Theories like The Long Tail regularly get taken to extremes in this business, often elevated to the stature of law on the basis of will power alone. What is happening now is a natural correction that pulls back the scope and reapplies the learnings for a better outcome.
I think we all intuitively know that there is a lot more value in niches as a result of the web, but at the same time we know that our behaviors only change incrementally as a result. We have new channels to take advantage of but our consumer behaviors are largely the same.
Whether Anderson intended it or not, the Long Tail is spot on in predicting that social behaviors would amplify as purchase determiners on the web. Having said that, socially enhanced shopping has not transformed retail into a mass market of niches and brand companies and retailers alike still spend proportionately about the same on customer acquisition costs as they historically have.
The other book that deserves scrutiny is Gladwell’s The Tipping Point, which as it has turned out is a phenomena a lot less predictable to replicate.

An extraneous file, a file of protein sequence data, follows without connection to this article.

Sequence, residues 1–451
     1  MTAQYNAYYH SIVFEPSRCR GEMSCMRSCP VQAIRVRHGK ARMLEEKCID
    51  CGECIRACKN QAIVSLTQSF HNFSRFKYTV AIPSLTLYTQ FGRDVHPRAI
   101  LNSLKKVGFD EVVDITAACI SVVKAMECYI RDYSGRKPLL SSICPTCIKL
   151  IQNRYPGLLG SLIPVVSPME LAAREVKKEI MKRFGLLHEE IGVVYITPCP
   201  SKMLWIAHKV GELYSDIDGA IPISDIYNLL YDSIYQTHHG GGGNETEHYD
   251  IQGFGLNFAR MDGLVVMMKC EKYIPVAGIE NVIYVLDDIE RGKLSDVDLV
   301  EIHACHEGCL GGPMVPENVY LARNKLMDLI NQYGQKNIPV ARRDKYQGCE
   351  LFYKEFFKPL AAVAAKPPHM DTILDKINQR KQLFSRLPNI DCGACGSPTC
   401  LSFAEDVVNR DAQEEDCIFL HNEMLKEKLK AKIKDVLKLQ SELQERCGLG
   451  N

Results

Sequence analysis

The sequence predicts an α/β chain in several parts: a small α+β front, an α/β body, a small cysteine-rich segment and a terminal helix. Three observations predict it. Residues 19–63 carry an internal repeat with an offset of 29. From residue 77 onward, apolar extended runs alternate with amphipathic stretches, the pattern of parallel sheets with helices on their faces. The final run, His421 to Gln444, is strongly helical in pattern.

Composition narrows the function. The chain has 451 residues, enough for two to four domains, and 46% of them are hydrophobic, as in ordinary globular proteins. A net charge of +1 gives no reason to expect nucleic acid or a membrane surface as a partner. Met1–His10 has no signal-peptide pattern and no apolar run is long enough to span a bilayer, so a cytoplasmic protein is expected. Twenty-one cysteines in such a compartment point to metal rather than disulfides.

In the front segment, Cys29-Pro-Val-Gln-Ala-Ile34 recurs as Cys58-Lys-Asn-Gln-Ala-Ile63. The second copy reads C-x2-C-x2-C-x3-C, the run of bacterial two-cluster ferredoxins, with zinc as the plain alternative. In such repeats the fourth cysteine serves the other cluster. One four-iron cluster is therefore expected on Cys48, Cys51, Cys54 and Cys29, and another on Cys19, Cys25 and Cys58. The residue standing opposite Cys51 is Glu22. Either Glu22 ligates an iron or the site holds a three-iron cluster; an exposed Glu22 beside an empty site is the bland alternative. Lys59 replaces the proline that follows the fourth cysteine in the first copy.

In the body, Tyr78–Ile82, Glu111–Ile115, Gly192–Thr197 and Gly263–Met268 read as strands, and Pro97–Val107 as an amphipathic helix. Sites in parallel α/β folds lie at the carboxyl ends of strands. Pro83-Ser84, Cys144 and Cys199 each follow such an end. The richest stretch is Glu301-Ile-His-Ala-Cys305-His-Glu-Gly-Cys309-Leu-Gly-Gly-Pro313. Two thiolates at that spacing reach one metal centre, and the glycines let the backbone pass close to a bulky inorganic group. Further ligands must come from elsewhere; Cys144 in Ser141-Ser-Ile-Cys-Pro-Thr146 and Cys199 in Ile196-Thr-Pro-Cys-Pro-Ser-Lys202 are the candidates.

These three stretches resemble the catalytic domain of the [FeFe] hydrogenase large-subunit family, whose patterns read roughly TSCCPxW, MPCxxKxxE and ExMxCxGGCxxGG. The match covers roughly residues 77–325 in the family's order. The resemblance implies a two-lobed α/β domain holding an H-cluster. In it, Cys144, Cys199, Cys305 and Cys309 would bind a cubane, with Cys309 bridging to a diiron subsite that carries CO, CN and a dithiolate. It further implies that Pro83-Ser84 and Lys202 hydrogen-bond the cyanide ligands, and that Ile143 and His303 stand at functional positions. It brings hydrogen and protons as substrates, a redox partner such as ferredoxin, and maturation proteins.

It’s all goodness and we should all consider ourselves fortunate to be in an environment where these concepts are being developed and established brands are willing to push aside the old rules to try new things.
Prof. Elberse looked at data for online video rentals and song purchases, and discovered that the patterns by which people shop online are essentially the same as the ones from offline. Not only do hits and blockbusters remain every bit as important online, but the evidence suggests that the Web is actually causing their role to grow, not shrink.
Mr. Anderson responded on his Long Tail blog, thelongtail.com, saying much of the difference between his analysis and hers involved how hits and non-hits, or “head” and “tail” in the book’s lingo, are measured. Aside from that, he was generous in praising the article, and said he welcomed the sort of rigorous scrutiny the theory was getting.
[From Portals - WSJ.com]